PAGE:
Interviews Jun 1, 2017 | 10:29 AMby chess24 staff

Fedoseev on crossing the 2700 barrier

22-year-old Russian Grandmaster Vladimir Fedoseev has had a great year – he won the Aeroflot Open and qualified to face Kramnik, MVL and co. in Dortmund, came very close to winning both the Winter Chess Classic in St. Louis and the GRENKE Open and then starred for his team in the Russian Team Championship, where he crossed the 2700 barrier for the first time. IM Dorsa Derakhshani talked to the young star before his appearance in the European Championship.

Vladimir Fedoseev at the 2017 Russian Team Championship, where he crossed 2700 for the first time | photo: Polina Barsky, Russian Chess Federation

Vladimir Fedoseev officially crossed 2700 on the June 2017 FIDE rating list, where he’s rated 2703 in 47th place, while on the live rating list two wins so far in Minsk have seem him climb a little higher.

Fedoseev climbed off the bottom of the 2700 club | source: 2700chess

Iranian IM and WGM Dorsa Derakhshani decided to interview the rising star:

Dorsa Derakhshani: Hi! Congrats on crossing 2700! How do you feel?

Vladimir Fedoseev: I feel fine. I’ve been waiting a long time to cross it and now I know it’s not enough and I want more. After the Russian Team Championship I have many different feelings because my team didn’t do so well and I wanted to do my best and see my team get the best.

Usually when players cross a milestone they do something crazy  What did you do?

Well, firstly I didn’t realize when I crossed it! But when I did, somehow I lost motivation for a little while and after that day was over I felt powerful and knew I could do better. In the same event I played some nice games. For example, I outplayed Andreikin in the Queen’s Gambit, Kovalenko and so on. It’s never easy to beat these strong players, especially in team events, since nobody wants to get beaten.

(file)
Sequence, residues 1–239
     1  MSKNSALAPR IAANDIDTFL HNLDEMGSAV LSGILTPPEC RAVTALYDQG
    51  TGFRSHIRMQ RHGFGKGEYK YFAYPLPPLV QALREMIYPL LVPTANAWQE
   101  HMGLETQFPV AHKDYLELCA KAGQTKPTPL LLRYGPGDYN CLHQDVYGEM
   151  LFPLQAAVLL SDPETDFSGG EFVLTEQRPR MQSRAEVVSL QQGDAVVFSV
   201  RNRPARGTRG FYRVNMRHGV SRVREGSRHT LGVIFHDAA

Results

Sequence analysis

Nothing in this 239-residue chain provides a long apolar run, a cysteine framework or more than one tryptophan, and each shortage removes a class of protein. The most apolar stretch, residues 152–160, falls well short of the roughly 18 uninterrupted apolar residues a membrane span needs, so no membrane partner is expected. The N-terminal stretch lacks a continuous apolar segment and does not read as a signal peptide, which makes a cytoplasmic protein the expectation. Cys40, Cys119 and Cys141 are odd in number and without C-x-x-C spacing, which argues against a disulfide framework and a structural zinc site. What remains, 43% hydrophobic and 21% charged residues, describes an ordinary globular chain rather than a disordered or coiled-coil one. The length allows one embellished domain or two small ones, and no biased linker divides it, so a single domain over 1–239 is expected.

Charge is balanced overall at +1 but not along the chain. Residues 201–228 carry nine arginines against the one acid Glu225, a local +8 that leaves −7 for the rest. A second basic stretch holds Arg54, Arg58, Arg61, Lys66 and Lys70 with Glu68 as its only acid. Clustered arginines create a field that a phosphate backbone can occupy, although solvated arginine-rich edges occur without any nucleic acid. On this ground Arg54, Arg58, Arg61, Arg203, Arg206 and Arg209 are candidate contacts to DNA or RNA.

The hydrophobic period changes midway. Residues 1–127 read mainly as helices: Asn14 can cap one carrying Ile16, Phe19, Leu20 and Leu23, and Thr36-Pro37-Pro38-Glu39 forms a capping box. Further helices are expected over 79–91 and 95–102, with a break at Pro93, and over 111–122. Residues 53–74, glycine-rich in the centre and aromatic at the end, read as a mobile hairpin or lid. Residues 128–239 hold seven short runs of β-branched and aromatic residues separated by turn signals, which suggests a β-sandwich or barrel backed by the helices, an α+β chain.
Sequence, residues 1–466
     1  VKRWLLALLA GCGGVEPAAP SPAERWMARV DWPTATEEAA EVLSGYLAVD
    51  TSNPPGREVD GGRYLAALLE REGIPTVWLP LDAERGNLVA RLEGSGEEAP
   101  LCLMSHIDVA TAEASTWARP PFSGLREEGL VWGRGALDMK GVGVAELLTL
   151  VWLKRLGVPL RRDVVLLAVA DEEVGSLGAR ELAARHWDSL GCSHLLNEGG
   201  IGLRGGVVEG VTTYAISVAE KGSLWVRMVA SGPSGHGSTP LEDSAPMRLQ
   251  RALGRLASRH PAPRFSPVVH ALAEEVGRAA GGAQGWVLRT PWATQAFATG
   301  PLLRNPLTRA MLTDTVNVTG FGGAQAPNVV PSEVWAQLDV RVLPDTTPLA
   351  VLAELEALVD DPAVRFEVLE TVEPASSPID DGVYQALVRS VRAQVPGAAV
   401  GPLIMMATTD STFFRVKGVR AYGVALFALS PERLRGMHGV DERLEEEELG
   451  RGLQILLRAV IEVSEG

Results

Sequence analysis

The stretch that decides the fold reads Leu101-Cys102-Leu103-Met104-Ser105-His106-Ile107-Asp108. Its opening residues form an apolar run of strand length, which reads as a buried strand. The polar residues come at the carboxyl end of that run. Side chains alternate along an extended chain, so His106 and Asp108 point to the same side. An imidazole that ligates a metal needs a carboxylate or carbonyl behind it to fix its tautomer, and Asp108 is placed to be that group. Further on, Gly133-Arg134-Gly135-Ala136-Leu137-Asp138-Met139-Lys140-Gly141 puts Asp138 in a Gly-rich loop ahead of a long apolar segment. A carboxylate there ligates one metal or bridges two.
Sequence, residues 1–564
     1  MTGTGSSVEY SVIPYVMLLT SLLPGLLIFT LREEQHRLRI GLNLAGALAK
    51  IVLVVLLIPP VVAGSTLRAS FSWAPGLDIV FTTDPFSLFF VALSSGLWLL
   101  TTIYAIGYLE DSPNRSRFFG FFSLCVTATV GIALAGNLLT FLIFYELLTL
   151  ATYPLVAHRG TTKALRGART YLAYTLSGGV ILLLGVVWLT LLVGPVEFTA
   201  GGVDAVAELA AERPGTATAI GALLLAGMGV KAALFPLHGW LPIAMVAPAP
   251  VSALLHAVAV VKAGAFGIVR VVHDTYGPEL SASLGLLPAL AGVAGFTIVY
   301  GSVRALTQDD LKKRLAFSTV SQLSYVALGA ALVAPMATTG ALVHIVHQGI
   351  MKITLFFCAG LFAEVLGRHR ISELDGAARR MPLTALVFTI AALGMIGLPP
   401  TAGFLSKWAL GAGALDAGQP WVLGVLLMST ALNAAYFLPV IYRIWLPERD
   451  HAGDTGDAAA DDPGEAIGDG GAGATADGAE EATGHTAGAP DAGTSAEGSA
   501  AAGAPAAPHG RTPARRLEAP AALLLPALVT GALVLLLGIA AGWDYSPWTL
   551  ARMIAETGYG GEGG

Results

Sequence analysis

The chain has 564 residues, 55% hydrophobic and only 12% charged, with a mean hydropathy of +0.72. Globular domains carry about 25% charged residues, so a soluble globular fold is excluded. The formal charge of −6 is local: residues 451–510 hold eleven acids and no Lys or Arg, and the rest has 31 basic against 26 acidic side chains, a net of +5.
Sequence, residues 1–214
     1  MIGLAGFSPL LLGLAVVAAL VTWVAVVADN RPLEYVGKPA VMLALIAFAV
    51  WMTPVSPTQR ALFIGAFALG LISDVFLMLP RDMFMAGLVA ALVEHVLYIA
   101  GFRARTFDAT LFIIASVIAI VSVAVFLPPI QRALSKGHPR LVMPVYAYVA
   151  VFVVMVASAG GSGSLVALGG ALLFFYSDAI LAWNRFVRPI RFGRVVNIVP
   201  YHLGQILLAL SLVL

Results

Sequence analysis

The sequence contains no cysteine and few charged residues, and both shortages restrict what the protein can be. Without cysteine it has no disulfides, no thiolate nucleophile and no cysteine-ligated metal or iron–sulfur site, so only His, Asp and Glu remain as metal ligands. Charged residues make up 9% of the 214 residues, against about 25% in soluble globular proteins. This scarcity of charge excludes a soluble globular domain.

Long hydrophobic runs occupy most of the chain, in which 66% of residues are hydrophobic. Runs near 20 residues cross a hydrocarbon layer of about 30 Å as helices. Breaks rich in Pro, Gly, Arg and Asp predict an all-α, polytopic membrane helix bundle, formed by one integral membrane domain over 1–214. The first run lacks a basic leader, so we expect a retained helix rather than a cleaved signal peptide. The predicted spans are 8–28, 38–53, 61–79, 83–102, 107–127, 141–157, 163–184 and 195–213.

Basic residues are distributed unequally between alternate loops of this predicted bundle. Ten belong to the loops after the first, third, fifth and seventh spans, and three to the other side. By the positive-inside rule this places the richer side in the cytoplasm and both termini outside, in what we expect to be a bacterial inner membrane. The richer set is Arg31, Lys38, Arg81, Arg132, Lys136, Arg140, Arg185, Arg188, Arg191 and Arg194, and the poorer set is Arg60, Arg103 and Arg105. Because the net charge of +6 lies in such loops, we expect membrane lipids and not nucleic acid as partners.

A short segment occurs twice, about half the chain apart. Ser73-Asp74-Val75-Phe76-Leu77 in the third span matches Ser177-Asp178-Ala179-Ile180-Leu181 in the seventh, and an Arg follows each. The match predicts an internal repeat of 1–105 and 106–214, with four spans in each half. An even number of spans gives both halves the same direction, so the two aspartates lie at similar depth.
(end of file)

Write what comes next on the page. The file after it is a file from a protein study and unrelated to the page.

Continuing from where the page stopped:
So far 2017 has been a good year! Your success started with winning Aeroflot, right?

Yes, I performed really strongly and beat many good players and finally won the tournament. It gave me more energy, but then in the next two tournaments (the Winter Classic in Saint Louis and the GRENKE Open) I was very close to winning both events but the last games went wrong and I didn’t manage to score in them at all.

Fedoseev only needed to draw Sam Shankland with White to at least tie for first in St. Louis... | photo: U.S. Chess Champs

When you played Aeroflot, did you expect to win?

I was preparing to play this strong event and I expected myself to play good chess and not lose any games. I got seven points and also the Aeroflot time control is different and somehow the players drew more easily!

What’s your favourite game of 2017?



My game against Huzman – the first win of the year. It was a classic game against the Queen’s Gambit and I was playing nicely. It would be good to have it in a book if I do a book of my best games in future!

1. d4 ♘f6 2. c4 e6 3. ♘f3 d5 4. ♘c3 ♗e7 5. ♗f4 O-O 6. e3 ♘bd7 7. a3 c5 8. cxd5 ♘xd5 9. ♘xd5 exd5 10. dxc5 ♘xc5 11. ♗e2 ♗f6 12. ♗e5 ♗xe5 13. ♘xe5 ♕d6 14. ♘f3 ♗g4 15. O-O ♖fd8 16. ♖c1 ♘e6 17. ♕b3 ♕e7 18. h3 ♗h5 19. ♖fe1 ♖d6 20. ♖cd1 ♖ad8 21. ♘d4 ♗g6 22. ♕b4 a6 23. ♘b3 ♕c7 24. ♘d4 h6 25. ♗g4 ♕b6 26. ♕xb6 ♖xb6 27. b4 ♖bd6 28. ♖c1 ♘xd4 29. exd4 h5 30. ♗c8 b5 31. ♖c7 ♗d3 32. ♖e5 g6 33. ♖e3 ♗c4 34. h4 ♖f6 35. g3 ♔f8 36. f4 ♖b6 37. ♔f2 ♖e8 38. ♖e5 ♖d6 39. ♔e3 f6 40. ♖xe8+ ♔xe8 41. f5 g5 42. ♖a7 gxh4 43. gxh4 ♔d8 44. ♗e6 ♗b3 45. ♖f7


Now that it’s out there, which was your favourite game of another player in 2017?

The game when Mamedyarov beat Kramnik with Black in Shamkir. Many interesting moves and ideas - also it’s not easy to beat Kramnik with Black. That game is the one for me!

Let’s go back to how you were introduced to chess! Was it something passed on to you by your family?

My father used to play chess a lot and he was close to getting the USSR master title back in his day. My parents decided to show me how to play chess and then I started to play chess when I started school. I went to the “Rook” Chess Club in St. Petersburg.

You were seven years old, right?

Yes. Not younger.

Did your father coach you or did he get you another trainer?

Another trainer! Then I changed clubs and trainers again and again until I was introduced to Grandmaster Denis Yevseev, who I worked with a lot, and he created my chess style. He made me a big player and gave me my style.

He created your style? How?

I was young and I was reading many books before I started with him. I was not a bad player, but he trained me in all aspects of chess and showed me many ideas and gave me the knowledge to work and understand chess better.

When did the Russian Chess Federation start to help you?

It was around age 15-16. I started to have good results, won the U18 Russian Championship and tied for second in the 2010 Chigorin Memorial. It was around that time when the federation started to help me.